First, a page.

Prakash Travelling Cinema

Part one

Prakash Travelling Cinema is a delightful short film, posted on YouTube by the filmmaker, Megha B. Lakhani. She made the 14-minute film while at the National Institute of Design, India, and it has gone on to win festival awards.

The film documents two friends who maintain a travelling bioscope show on the streets of Ahmedabad. The ramshackle outfit, which they take around on a hand-cart, comprises a genuine c.1910 Pathé projector, adapted for sound, with peep-holes all around the mobile ‘cinema’ itself (which they call their ‘lorry’), through which children watch snippets plucked from popular Bollywood titles. One of the amazing sights of the film is either of the two men hand-cranking their sound projector at exhausting speed.

Part two

Although they are not showing silent films, the whole enterprise is imbued with the spirit of the original travelling bioscope operators of India, and of course the technology hails from the silent period. The word ‘bioscope’ still persists in places in India for cinema, as it does in South Africa. However, the film wants to do more than show a quaint operation, and it is very much about friendship, conviction, Indian society, and the persistence of a human way of doing things in the face of modern media technologies.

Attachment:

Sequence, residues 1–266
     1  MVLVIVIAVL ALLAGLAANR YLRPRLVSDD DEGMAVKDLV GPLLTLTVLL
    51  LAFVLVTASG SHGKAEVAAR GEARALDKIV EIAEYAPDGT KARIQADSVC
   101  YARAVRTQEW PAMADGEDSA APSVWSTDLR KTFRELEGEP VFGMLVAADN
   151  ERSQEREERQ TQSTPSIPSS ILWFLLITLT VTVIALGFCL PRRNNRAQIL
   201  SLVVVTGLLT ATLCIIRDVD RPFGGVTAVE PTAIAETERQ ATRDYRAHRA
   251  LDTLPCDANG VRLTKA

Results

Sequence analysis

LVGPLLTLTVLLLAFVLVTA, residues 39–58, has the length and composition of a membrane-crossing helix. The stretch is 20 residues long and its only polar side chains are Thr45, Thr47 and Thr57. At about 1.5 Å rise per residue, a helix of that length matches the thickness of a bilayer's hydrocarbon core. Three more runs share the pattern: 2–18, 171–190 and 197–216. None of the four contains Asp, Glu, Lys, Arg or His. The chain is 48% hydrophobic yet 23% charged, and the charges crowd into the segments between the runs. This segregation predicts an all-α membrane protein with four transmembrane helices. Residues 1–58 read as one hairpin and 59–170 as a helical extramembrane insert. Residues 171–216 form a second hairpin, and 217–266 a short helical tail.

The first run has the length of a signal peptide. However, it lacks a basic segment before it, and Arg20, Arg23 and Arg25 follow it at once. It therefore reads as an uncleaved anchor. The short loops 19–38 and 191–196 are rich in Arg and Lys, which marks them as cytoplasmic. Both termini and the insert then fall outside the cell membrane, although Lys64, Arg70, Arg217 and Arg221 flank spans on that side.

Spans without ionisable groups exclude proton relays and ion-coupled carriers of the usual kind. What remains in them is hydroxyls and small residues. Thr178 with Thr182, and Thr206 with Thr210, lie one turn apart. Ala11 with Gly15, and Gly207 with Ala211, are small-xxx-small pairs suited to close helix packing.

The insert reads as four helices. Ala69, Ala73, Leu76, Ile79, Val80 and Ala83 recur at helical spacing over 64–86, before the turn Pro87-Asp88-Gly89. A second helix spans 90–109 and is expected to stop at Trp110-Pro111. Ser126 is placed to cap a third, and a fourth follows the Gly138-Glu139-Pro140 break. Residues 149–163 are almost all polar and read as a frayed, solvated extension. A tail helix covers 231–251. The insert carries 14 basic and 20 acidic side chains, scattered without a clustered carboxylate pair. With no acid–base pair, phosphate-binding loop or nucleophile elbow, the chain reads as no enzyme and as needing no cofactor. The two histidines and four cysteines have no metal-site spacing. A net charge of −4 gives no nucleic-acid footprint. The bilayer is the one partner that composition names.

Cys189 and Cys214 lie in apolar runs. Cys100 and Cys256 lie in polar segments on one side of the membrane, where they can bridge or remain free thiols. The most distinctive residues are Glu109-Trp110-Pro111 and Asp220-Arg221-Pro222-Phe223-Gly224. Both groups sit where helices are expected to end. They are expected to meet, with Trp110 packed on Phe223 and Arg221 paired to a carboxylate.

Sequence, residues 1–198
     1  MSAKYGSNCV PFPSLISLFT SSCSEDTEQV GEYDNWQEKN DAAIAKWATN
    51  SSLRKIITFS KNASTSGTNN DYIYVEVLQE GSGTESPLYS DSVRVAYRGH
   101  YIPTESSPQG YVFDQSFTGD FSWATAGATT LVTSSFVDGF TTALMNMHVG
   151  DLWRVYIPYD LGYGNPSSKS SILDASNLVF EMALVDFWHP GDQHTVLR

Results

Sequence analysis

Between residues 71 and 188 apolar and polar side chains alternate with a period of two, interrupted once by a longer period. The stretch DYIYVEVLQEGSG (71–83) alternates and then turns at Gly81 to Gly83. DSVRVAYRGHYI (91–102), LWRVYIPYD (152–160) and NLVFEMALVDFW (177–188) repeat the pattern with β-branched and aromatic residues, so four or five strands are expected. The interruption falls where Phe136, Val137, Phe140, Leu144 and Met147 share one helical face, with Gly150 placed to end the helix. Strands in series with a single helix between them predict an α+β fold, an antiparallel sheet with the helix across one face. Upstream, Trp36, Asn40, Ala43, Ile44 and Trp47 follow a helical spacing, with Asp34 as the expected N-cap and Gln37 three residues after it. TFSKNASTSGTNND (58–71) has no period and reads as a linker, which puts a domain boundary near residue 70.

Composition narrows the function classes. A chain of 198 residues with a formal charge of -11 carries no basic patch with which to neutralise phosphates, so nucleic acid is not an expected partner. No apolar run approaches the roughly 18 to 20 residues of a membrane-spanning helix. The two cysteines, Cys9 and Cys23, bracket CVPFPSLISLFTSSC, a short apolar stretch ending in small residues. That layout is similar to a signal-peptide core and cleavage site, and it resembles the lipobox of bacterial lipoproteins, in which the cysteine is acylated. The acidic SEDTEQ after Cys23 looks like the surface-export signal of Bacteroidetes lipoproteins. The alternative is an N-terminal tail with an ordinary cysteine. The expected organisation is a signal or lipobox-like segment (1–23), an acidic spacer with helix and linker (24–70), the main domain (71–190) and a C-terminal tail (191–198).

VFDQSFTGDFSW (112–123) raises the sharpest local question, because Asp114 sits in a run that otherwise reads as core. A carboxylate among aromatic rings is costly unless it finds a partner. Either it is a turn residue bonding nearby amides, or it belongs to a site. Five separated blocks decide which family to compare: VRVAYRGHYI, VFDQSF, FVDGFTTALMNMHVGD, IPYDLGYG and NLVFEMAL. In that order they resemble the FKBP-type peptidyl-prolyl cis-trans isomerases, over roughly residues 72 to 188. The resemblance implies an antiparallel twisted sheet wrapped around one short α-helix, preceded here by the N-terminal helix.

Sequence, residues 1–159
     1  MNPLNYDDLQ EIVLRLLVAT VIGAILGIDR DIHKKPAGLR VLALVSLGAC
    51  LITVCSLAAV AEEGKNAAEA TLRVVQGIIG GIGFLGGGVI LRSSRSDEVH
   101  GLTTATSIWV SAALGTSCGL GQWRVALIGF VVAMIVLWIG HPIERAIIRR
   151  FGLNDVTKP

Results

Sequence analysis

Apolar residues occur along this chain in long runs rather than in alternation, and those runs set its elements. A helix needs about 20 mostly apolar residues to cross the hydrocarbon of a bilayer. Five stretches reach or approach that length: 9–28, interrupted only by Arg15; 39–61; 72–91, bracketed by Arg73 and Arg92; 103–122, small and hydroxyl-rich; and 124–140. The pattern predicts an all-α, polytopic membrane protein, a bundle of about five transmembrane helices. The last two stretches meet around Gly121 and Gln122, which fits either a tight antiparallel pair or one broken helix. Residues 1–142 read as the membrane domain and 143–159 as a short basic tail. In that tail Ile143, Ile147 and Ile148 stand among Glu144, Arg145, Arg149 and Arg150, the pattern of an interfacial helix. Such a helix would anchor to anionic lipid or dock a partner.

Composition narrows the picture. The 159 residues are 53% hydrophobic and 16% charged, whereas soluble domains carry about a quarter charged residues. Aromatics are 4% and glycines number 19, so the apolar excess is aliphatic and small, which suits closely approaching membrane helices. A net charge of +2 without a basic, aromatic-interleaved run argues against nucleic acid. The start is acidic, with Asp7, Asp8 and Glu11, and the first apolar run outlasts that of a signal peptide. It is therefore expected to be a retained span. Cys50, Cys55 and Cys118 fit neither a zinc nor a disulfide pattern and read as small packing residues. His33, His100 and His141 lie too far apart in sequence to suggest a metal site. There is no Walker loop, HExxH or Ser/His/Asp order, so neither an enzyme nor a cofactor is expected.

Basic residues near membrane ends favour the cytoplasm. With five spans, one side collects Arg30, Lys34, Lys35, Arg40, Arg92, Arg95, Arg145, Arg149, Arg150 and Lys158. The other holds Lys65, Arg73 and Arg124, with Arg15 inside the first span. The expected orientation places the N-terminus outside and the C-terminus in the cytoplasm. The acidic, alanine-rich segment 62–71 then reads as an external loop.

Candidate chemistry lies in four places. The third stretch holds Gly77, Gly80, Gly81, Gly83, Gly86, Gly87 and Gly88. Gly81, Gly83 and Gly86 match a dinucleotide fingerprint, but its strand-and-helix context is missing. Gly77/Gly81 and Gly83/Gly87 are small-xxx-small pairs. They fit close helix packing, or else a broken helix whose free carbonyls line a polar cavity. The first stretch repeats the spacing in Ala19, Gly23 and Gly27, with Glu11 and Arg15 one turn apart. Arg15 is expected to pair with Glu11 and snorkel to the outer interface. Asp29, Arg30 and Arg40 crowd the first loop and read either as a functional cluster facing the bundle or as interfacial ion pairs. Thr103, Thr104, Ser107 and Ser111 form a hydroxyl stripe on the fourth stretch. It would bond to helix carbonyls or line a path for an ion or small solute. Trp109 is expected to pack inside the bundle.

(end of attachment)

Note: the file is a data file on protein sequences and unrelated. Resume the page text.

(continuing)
There are an estimated 2,000 mobile cinema shows in India today, and the travelling bioscope has been made the subject of other recent films. There is Andrej Fidyk’s 1998 documentary film Battu’s Bioscope, on a modern travelling show in rural India; Vrinda Kapoor and Nitesh Bhatia’s short film Baarah Mann Ki Dhoban (2007), on modern bioscope workers whch also touches on the history of India film exhibition; and Tim Sternberg’s film Salim Baba (2007), again about a modern travelling bioscope show, this time with an adapted 1897 Bioscope. Plus there’s Tabish Khair’s acclaimed novel Filming, published this year, which moves from a travelling bioscope show in 1929 to the Bombay cinema of the 1940s as a means to examine the rise of modern India. Clearly there’s a metaphor in the air.